cat = sns.catplot(data=df, x='island', y='bill_length_mm', kind='violin', row='sex', col='species')
cat.fig.subplots_adjust(top=0.92)
cat.fig.suptitle('Comparing Penguins')
cat.set_titles(row_template='Penguin Sex: {row_name}', col_template='Penguin Species: {col_name}')

plt.show()

In the code block above, we used the .set_titles() method which is available to FacetGrid objects. The method allows you to use the row_template= and col_template= parameters which allow you to access the col_name and row_name variables in f-string like formatting.

This returns the data visualization below:

Adding Titles to Rows and Columns of Small Multiples in Seaborn catplots
Adding Titles to Rows and Columns of Small Multiples in Seaborn catplots

In the following section, you’ll learn how to customize the axis labels in a Seaborn catplot.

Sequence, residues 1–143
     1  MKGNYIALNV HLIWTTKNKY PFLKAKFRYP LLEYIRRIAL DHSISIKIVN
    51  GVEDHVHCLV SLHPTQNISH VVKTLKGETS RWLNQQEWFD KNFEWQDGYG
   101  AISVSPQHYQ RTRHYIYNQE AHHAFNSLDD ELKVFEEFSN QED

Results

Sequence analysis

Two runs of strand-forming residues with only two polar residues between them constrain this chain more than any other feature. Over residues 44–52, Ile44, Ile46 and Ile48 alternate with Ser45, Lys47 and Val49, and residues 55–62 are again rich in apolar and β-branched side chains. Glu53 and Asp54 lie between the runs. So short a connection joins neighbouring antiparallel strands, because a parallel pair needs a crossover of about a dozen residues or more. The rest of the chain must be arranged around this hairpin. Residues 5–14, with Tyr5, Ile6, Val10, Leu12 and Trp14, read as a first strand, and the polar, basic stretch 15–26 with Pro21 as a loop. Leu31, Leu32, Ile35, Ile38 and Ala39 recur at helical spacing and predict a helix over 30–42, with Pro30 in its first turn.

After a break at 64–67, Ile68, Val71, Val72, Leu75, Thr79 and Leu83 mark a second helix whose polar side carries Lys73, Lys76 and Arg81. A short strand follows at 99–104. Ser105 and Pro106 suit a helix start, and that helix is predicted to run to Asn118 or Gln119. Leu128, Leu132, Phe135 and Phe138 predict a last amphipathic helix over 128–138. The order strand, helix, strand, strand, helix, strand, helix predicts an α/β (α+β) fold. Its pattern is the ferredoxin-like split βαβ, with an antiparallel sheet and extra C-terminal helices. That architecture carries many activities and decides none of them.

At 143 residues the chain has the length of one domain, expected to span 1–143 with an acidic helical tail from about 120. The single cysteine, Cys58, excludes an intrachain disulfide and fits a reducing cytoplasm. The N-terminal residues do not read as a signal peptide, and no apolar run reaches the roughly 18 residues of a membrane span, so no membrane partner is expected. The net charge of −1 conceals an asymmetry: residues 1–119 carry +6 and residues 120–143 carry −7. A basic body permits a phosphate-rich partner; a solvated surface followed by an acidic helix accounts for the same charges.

Changing Axis Labels in Seaborn Catplot

By default, Seaborn will use the column labels as the axis labels in the visualization. In many cases, however, this isn’t a very descriptive title to use. Because the catplot() function returns a FacetGrid object, we can use helper methods to solve this, including:

  • .set_xlabel() which sets the x-axis label
  • .set_ylabel() which sets the y-axis label
  • .set_axis_labels() which sets both the x- and y-axis labels at once

Let’s see what this looks like in Seaborn:

# Modifying Axis Labels in Seaborn
import seaborn as sns
import matplotlib.pyplot as plt
df = sns.load_dataset('penguins')

cat = sns.catplot(data=df, x='island', y='bill_length_mm', kind='violin', row='sex', col='species')
cat.fig.subplots_adjust(top=0.92)
cat.fig.suptitle('Comparing Penguins')
cat.set_titles(row_template='Penguin Sex: {row_name}', col_template='Penguin Species: {col_name}')

cat.set_xlabels('Bill Length (mm)')
cat.set_ylabels('Island Name')

plt.show()

In the code block above, we added two additional lines of code toward the end to customize the axis labels of our data visualization. This returns the following data visualization:

Adding Axis Labels in Seaborn catplot
Adding Axis Labels in Seaborn catplot